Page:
Eventually Hannah’s father escapes and goes on the rampage, killing a group of stoners – including Shawn C. Phillips who’s munched on by a fellow topless stoner. The film then cuts between the zombie rampage and news reports, a la Night of the Living Dead, about a virus sweeping the States that is reanimate the dead; and a phone call between Mel Novak’s Governor Hadley and Dr. Mattei (yes, Mattei, it seems Fulci is NOT the only inspiration here). Talk about padding things out… There’s actually quite a fun, if ridiculous nod, to the way governments across the globe handled the Coronavirus pandemic amongst all that but it’s a small glimmer of irony in a film that is more like dumb fun rather than timely satire.

But what of Hannah, Tom and Tim? I have no idea. It’s almost as if this was filmed in two entirely separate halves, one telling the rescue of a zombie dad, the other a traditional zombie outbreak movie and there was no plan to tie the two together at all… Did the cast of the first half not get paid and therefore didn’t return for the second half? Or were they busy on the day? Who knows. The only character to cross between the two halves is Noel Jason Scott’s undead parent… It’s only one of this films ridiculous amount of gaping plot holes. Though I can’t really complain too much, after all you should know what you in for with a shot-on-digital, ultra-low budget, unofficial Fulci sequel. After all, the original Italian sequels weren’t masterpieces either. Though they did have some charm, which Ferguson’s film lacks if I’m honest. Charm, even with films as cheap as this, gets you a looong way, just look at Mark Polonia’s films!

Produced by SCS Entertainment and John Klyza’s company Retrosploitation Direct, Zombi VII: Urban Decay is not a patch on the original Zombi sequels but then that was to be expected if I’m honest. And whilst this is a cheap and cheerful affair it does have one major thing going for it. An amazing soundtrack that channels the synth cores of Italian horror to a tee. A soundtrack so good that it deserves its own Waxwork Records hipster re-release some day!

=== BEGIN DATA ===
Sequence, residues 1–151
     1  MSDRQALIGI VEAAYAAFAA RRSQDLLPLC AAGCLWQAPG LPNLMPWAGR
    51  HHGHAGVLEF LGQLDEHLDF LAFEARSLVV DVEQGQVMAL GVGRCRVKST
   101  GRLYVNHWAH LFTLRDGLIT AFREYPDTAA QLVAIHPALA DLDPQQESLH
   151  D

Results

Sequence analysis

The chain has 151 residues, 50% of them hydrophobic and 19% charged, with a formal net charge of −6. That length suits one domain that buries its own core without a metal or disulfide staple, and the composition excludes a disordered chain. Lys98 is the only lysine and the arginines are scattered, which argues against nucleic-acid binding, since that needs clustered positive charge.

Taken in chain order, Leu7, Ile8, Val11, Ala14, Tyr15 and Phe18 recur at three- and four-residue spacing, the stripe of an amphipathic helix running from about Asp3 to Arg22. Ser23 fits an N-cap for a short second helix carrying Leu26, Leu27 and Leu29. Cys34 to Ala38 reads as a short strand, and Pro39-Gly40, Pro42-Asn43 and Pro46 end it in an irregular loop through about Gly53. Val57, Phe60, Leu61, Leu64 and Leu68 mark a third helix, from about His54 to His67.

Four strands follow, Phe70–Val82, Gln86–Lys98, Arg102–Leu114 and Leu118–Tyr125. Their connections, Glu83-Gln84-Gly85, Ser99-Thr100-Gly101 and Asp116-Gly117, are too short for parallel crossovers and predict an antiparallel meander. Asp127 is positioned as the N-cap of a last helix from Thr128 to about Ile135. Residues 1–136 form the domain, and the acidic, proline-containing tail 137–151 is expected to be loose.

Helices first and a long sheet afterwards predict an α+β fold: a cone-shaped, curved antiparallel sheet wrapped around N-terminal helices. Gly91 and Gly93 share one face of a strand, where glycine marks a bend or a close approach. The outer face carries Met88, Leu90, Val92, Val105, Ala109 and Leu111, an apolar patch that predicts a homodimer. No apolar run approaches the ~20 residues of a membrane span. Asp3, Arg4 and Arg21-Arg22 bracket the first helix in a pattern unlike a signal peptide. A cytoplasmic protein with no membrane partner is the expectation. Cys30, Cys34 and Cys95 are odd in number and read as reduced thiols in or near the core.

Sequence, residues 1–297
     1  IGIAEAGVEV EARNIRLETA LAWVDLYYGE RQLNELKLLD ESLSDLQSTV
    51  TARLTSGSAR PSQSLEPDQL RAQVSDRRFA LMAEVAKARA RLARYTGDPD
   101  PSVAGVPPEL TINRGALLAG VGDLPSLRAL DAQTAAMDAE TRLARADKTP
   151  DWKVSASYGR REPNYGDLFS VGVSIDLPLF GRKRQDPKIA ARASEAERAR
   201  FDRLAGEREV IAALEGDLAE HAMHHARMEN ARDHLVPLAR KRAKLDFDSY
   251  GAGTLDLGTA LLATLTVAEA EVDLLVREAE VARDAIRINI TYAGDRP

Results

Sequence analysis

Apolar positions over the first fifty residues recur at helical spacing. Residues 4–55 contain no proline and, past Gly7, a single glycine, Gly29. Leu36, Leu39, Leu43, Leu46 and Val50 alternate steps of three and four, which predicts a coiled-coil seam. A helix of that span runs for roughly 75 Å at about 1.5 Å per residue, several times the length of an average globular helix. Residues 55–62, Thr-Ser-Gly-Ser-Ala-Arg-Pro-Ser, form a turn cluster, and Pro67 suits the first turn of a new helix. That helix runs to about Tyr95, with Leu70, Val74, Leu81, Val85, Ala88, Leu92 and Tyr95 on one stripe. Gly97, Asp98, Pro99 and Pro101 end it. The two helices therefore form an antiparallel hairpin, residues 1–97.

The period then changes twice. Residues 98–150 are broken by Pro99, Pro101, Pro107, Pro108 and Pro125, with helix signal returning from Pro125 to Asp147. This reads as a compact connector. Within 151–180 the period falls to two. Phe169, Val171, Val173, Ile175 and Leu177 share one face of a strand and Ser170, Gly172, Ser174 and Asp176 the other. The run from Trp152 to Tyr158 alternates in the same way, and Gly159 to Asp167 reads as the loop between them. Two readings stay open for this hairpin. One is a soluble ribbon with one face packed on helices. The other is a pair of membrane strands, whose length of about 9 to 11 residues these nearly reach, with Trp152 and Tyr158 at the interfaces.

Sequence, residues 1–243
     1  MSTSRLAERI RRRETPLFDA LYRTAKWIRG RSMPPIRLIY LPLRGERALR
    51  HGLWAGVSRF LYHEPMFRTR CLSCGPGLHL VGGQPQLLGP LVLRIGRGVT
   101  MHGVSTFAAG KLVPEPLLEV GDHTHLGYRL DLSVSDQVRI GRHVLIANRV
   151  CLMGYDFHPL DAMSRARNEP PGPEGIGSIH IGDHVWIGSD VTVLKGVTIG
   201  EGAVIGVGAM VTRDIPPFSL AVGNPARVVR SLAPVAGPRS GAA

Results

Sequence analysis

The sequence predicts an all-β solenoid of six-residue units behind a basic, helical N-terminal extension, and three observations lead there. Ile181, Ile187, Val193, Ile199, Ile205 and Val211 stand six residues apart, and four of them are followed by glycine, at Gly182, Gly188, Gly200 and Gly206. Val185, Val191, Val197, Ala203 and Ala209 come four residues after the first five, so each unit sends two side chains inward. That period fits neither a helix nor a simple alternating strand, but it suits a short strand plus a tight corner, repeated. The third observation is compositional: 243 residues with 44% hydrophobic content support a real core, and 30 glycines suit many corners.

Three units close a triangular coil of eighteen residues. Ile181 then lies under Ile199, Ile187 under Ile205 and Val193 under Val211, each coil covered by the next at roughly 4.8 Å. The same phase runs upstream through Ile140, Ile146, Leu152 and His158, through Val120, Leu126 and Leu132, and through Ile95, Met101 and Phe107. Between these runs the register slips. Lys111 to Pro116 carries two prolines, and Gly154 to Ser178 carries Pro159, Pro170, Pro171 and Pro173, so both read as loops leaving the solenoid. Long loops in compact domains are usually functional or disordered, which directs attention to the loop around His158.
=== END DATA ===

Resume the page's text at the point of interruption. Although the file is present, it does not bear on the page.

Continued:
Zombi VII: Urban Decay is available on DVD and Digital (you can rent/buy via Vimeo in the UK) now from Retrosploitation.

One Response to “‘Zombi VIII: Urban Decay’ Review”

  • Dustin Ferguson

    Tom was shown dead on the couch, leaving his daughter Hannah alive. Tim went home the night prior after he helped bring the Zombie home. And that extended “Voodoo” intro is only on the International/Vimeo version, it was tacked on to be a throwback to the extended “Gypsy” intro from 1984’s “The Prey”. The regular version is only 62 minutes, that one is 70. There was a possibility of a Zombi IX, so we left it that way with Hannah on purpose…which is also why her Father was left to roam California too. The amount of stock footage was intentional, I studied “Cannibal Ferox” prior to shooting this and wanted to replicate the exact style with the “jungle footage”, wild animals, etc. I LOVE the jungle scene in that movie and wanted to attempt to do the same thing. We mixed actual footage of the Caribbean (where Matool is said to exist) with animal stock footage and some very specific locations in Southern California that were scouted prior so it could best match the other footage. This was a love-letter more than anything and we appreciate you watching it! One final note, you mention the cheap production…but I bet you didn’t know it was made on about $750? That’s Seven Hundred and Fifty Dollars, not $750,000. When people find out the actual budget, it’s hard to not look at the whole thing and be a little surprised at what we pulled off. I’m proud of what we did on that, I can’t see anyone else being able to do the same on that kind of money. I paid for it out of pocket as a fun “quickie” I was hired to do between bigger projects. We were literally shooting scenes for 4 other movies at the same time with many of those Actors.